> Alternatively, there is an x% chance of a single incident breaching your defences, and a person who is exposed to orders of magnitude more incidents will have a much greater risk of infection.

    Yes, that means that more exposure = more risk, and why healthcare workers are at higher risk – but it doesn’t speak to the question I’ve been asking you about – which is the question of why you’re saying that masks should be worn by the general public.

    > And that’s before you consider that I shouldn’t be getting within two metres of anyone, and medical or social care requires people to get a lot closer than that so the risk will be much higher per infected person. Factor in that I spend 10-15 minutes in the shop versus 40, 50 or 60 hours working in a risky environment, and the rest is arithmetic. Of course one visit could kill me. Just as one cigarette could kill me. But I’m at much less risk than a 20-a-day man.

    Again, see above. I don’t see how this information (none of which is new to me) answers my question.

    I appreciate the value of a mask in stopping me sneezing on someone else. And I speak as someone who has partially controlled hayfever. But ATM there are social-care staff and other key workers who can’t get enough surgical masks, let alone N95 masks, and who don’t have the time or facilities to wash and re-use them even if they are reusable. Also, based on the Asian studies, the asymptomatic ratio is small, so at this stage in the epidemic the number of infected people a mask would protect others from is low, and one handwashing lapse can negate the mask.

    > Scarves or home-made ones are another matter, but give that the second Cochrane study weakened the benefit found by the first and cautioned about the strength of the evidence available, I’d be even more cautious about home-made ones deployed by amateurs.

    I agree that caution is entirely appropriate here. But caution also suggests that careful use of masks may, actually, be of some value for shifting the probabilities. Whether they might shift the propabilities enough to really make a difference…or whether the different direction of probabilities (more touching face from using a mask versus some catching of aerosolized or non aerosolized droplets) lean in one direction rather than the other…..

    > And, as per the thread topic, Dr. Zoe is a public-health nutritionist not a physician or epidemiologist, nor a PPE or human-behaviour expert. I’ll weight her views against the consensus the same way I weight those of dabbling statisticians or retired businessmen with 50-year-old maths degrees when it comes to AGW.

    No doubt. I feel similarly. But nonetheless, I found her references to the meta-analysis to be useful information.

    > Particularly when the evidence is equivocal and you also have to take into account behavioural factors (riskier behaviour) and the impacts on already stretched supply and distribution chains

    No doubt. I’d still appreciated an answer to my question, which I still don’t think I’ve gotten.

    https://andthentheresphysics.wordpress.com/2020/04/03/stay-in-your-own-lane/#comment-174020

  151. Joshua says:

    Ben –

    I thought that video discussed the Czech Republic and mask use but is seems not – I must have heard about it from somewhere else. But a simple Google search will dig it up.

  152. John Hartz says:

    All masks are not created equal!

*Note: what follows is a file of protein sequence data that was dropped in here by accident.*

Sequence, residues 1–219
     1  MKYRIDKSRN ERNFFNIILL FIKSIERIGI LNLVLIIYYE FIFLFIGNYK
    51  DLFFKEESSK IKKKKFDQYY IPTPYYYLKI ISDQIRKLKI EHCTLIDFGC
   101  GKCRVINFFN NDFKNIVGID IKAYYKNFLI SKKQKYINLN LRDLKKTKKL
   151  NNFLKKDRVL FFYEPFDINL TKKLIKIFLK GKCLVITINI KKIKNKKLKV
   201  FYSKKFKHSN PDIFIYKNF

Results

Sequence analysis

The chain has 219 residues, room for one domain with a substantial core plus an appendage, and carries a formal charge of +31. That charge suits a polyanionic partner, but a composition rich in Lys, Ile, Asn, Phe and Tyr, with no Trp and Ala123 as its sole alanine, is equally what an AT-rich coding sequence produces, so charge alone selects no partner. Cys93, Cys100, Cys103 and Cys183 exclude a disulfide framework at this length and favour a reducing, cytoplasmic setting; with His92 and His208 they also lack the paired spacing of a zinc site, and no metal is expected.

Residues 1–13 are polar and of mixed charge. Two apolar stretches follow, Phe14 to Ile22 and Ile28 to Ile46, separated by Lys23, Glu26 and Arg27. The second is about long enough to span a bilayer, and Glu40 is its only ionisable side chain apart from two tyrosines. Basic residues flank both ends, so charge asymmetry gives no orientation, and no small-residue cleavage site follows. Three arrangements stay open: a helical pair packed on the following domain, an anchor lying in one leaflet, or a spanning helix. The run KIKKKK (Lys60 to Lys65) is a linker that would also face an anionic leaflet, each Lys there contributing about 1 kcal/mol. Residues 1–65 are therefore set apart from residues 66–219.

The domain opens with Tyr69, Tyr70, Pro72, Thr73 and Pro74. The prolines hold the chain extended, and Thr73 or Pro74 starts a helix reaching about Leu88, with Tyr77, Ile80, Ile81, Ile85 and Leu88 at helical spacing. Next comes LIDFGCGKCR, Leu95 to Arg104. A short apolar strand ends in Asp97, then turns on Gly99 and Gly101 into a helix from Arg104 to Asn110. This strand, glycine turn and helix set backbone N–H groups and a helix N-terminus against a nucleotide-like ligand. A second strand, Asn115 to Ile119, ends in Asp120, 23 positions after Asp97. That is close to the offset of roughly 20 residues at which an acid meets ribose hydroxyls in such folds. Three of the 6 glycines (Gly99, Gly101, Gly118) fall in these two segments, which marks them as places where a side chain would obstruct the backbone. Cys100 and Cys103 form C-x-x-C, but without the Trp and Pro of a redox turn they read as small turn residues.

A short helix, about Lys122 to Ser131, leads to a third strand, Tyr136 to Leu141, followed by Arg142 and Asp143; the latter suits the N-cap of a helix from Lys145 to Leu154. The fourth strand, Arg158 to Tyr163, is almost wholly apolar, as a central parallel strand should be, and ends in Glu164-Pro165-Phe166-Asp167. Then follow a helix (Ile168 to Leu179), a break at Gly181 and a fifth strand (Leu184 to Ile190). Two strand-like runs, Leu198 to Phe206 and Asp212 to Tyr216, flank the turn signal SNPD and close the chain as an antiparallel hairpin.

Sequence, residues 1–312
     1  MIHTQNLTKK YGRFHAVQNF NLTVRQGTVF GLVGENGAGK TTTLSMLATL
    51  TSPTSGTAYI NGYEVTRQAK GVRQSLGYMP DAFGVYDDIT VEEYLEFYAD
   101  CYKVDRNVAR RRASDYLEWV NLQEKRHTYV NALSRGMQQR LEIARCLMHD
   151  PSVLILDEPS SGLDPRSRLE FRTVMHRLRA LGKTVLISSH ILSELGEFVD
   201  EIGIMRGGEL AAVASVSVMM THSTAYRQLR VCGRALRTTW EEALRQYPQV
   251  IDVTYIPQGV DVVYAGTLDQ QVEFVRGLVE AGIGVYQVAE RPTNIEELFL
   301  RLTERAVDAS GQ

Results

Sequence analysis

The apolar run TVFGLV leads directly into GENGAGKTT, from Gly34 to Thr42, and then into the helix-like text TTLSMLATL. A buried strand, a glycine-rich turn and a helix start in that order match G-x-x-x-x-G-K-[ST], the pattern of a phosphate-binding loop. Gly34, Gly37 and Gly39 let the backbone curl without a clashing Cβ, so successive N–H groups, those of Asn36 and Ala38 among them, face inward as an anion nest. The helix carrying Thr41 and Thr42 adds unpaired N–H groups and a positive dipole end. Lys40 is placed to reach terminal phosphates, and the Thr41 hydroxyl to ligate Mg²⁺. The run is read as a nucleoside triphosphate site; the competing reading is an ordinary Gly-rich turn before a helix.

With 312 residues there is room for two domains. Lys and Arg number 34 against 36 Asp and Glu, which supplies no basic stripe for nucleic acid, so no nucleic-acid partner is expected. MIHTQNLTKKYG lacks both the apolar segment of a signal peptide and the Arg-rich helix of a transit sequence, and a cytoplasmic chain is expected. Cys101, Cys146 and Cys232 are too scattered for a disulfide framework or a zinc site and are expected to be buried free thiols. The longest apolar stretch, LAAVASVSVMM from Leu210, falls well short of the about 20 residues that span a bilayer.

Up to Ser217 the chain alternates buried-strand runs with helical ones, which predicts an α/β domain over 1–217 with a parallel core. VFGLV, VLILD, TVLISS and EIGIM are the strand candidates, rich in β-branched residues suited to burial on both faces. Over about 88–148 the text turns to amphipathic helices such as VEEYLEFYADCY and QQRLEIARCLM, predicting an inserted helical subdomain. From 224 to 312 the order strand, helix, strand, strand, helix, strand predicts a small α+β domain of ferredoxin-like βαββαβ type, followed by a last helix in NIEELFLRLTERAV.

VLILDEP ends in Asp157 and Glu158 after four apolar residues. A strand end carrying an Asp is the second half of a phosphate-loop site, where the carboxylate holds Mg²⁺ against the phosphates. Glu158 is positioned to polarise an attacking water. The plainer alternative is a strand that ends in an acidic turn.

“Hi ho Silver away!” Who was that masked man?

  153. Joshua says:

    Yeah – read that this morning JH. The difference in approach is striking.

  154. Ben McMillan says:

    It is clearly important for health care workers to have PPE. I’ve got no opinion on whether the public should, but certainly not at the expense of health care workers: I’ve given my favorite pair of woodworking goggles to a hospital worker to help keep them safe. Avoiding the kind of situation where you would need PPE is the best approach.

    John: yep, NZ is also doing well. They took much quicker action than Oz. Both these countries have a pretty serious approach to quarantine and imported pests.

  155. John Hartz says:

    anoilman: Well said. The irony of the ongoing discussion about how best to present the spread of OVID-19 is the tile of the OP, Stay in your own lane?

  156. JCH says:

    New Zealand has adopted the China strategy, which is eradication.

  157. JCH says:

    They float an article about the Chinese reopening wet markets. In the article the proof is a painted sign that has a picture of a bat for sale and a tears old video of a very attractive Asian girl eating what is allegedly bat soup. She has a very large bat in her chopsticks and appears to trying to gnaw off a part of it. This would be like somebody stabbing a whole chicken in Grandma’s soup. The article has no evidence of reopened wet markets at all, and contains several lies.

    Another planted article says 5,000 urns prove China hid 40,000 deaths. A little math and some arithmetic and some digging on Google quickly completely destroys the story. It was planted. By? Guess who?

    Crematoriums smoking night and day. Burning the hidden bodies. How freaking gullible are you people? They have very high IQ’s, and would burn the hidden bodies at a coal plant!

    On CNN Hoppy and Jim come on TV on a recent morning and start talking about startling new news, hidden by China, that SARS-CoV-2 can be transmitted by asymptomatic carriers, so I immediately start linking to a CNN article from January 26 on their twitter accounts where Fauci discusses the Chinese information that there was pre-symptomatic spread in China. Within 30 minutes Dr. Gupta and Anderson Cooper come on and correct their horrendous defaming of China. I linked to their own freaking article.